Steve Wissett
48 Posted 31/03/2016 at 23:10:07
My Father always recounted that the noise from the Everton fans that day matched the Bayern night years later.

At the end of the National Anthem the Everton fans continued with an extra verse of "God Save our Gracious Team, Long Live our noble Team" and the rest of the stadium stood waited for them to finish, thinking we were continuing the national anthem!

Sure enough years later I got a copy of the 1966 Cup Final LP and you can clearly hear this with the commentators making special mention of it.

Never happened since, COYB

Christine Foster
49 Posted 01/04/2016 at 02:02:20
Dave Abrahams (#26), my goodness me, the Duttons and Johnny Cairns were close family friends of my Mum and Dad who a few years later became licencees of The Wedding House in Pownall Square off Tithebarn Street. Many a night of lock-ins and music with Peter McGovern and Bob Ramsey ensued. Great days indeed...
Peter Fearon
50 Posted 01/04/2016 at 04:24:21
I am proud to say I was at every round with my Dad – except for the final, which I attended alone because only one of us could get a ticket and he was the kind of Dad who put his sons first. I was 14 and I still remember every detail of those matches – especially that Number 11 shirt getting smaller and smaller as he bore down on the Wednesday goal at the far end of Wembley. Maybe it's our year again!
Rick Tarleton
51 Posted 01/04/2016 at 07:44:07
My favourite match, I've still got the program. I remember, I was 19 at the time, singing my head off "Attack, Attack, Attack" as we came back. Got drowned in the Trafalgar Square fountain after the game.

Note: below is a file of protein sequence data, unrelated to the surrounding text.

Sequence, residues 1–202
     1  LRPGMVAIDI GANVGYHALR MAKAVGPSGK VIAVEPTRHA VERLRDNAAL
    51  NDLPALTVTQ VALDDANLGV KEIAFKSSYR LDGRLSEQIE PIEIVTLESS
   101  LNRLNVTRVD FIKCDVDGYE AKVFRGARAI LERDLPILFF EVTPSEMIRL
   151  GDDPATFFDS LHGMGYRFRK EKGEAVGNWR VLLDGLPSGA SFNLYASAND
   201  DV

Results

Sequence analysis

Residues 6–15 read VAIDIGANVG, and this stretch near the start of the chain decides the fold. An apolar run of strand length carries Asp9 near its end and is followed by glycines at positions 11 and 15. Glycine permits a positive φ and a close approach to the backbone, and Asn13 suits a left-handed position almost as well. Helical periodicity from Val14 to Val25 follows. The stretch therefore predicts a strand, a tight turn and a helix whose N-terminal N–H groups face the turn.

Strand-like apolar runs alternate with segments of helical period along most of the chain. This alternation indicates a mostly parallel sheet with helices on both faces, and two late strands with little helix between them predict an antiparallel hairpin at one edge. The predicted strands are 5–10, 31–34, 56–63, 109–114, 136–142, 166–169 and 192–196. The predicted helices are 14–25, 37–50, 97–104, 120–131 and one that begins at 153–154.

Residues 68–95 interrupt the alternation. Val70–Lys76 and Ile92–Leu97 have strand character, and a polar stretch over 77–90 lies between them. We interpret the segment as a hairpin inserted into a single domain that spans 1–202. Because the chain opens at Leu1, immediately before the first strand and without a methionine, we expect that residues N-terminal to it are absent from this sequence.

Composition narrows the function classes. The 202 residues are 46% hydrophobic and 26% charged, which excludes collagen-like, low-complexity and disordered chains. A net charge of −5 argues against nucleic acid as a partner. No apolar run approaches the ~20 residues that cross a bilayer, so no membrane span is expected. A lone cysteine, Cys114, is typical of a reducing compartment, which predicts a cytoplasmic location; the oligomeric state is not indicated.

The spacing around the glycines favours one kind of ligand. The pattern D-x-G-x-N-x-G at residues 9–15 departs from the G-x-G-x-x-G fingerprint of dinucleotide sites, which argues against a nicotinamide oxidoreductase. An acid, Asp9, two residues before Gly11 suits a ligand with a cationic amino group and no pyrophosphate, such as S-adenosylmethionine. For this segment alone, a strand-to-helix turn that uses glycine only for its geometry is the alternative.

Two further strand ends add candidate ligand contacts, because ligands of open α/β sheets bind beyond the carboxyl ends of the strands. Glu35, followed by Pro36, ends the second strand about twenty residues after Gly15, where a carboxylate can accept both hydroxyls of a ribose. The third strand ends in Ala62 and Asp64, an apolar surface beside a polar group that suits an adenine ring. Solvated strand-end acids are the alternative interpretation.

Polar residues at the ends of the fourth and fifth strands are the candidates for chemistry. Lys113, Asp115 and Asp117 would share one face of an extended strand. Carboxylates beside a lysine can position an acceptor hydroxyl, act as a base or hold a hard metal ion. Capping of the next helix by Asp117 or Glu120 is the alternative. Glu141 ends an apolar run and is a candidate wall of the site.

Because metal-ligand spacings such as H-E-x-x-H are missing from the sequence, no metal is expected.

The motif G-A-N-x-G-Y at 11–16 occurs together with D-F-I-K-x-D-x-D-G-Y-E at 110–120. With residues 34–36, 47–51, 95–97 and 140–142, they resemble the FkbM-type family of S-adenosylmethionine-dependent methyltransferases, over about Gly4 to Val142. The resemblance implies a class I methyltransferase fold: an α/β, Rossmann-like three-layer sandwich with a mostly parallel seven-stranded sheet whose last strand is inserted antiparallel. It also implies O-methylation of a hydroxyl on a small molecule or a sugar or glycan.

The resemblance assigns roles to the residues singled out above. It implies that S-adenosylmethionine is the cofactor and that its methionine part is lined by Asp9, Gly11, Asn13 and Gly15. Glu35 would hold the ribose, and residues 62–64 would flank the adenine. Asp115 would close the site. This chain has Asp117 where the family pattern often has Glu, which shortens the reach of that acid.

Derek Temple had been a hero since I'd seen him as a Liverpool schoolboy (Dovecote was his school, I think) in 1955.

A wonderful day and a great Everton team. Wilson, Labone, Young, Gabriel, Harvey... we've had few better in my time.

Tony Abrahams
52 Posted 01/04/2016 at 08:41:25
A trip down memory lane, Christine, especially for Dave, who was probably that Donkey!!
Dave Abrahams
53 Posted 01/04/2016 at 08:50:28
Christine (#49), you are bringing back memories of the Wedding House, one of the first pubs to sell Aussie White, to keep the customers from going to the wine lodges. Cairnsie and the Duttons, great company, your parents must have had permanent grins on their faces.
Peter Laing
54 Posted 01/04/2016 at 09:43:23
Dave / Christine,

My Mother grew up in Gerrard Gardens and my Grandfather's sister was married to one of the Dutton's (Stevie Dutton?). I have heard the same stories and it must have been a regular occurrence as I've heard that they also brought a pig into the Swan (London Road) and Peppers (Commutation Row) on another occasion.

Christine Foster
55 Posted 01/04/2016 at 09:56:35
Dave, many a morning mopping out and bringing the cases up from the cellar before opening at 11:30 for the railway men from Exchange Station. First through the door would be Barney Riley... It was a proper Liverpool pub, one in which men and women laughed and cried but always had a smile.

Funny thing was I remember having to go to Cearns and Brown in Sandhills to buy the cases of Aussie White as the brewery, Tetleys, wouldn't sell it to you!